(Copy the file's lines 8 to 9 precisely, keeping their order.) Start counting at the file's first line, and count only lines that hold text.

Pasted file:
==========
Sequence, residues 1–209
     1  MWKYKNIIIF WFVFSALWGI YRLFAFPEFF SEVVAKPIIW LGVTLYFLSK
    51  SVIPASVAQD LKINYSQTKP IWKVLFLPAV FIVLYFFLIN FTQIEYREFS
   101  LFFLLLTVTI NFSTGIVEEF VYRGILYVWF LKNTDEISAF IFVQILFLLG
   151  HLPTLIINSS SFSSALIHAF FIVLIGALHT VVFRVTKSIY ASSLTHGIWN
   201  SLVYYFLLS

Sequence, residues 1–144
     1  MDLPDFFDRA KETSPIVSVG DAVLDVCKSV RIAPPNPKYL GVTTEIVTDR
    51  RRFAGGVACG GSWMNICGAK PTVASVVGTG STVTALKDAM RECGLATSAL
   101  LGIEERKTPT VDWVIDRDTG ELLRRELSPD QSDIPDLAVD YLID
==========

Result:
     1  MDLPDFFDRA KETSPIVSVG DAVLDVCKSV RIAPPNPKYL GVTTEIVTDR
    51  RRFAGGVACG GSWMNICGAK PTVASVVGTG STVTALKDAM RECGLATSAL